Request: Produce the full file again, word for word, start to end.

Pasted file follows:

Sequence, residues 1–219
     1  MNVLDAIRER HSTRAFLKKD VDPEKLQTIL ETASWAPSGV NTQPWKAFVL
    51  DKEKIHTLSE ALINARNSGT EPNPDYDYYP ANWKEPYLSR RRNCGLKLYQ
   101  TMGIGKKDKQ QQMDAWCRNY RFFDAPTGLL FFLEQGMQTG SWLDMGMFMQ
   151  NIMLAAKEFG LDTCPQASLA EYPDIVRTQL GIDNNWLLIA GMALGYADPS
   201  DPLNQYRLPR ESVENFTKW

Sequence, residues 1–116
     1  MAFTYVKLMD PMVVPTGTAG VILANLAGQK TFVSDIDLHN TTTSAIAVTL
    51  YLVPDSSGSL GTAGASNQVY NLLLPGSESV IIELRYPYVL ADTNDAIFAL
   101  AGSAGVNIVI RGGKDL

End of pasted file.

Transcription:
Sequence, residues 1–219
     1  MNVLDAIRER HSTRAFLKKD VDPEKLQTIL ETASWAPSGV NTQPWKAFVL
    51  DKEKIHTLSE ALINARNSGT EPNPDYDYYP ANWKEPYLSR RRNCGLKLYQ
   101  TMGIGKKDKQ QQMDAWCRNY RFFDAPTGLL FFLEQGMQTG SWLDMGMFMQ
   151  NIMLAAKEFG LDTCPQASLA EYPDIVRTQL GIDNNWLLIA GMALGYADPS
   201  DPLNQYRLPR ESVENFTKW

Sequence, residues 1–116
     1  MAFTYVKLMD PMVVPTGTAG VILANLAGQK TFVSDIDLHN TTTSAIAVTL
    51  YLVPDSSGSL GTAGASNQVY NLLLPGSESV IIELRYPYVL ADTNDAIFAL
   101  AGSAGVNIVI RGGKDL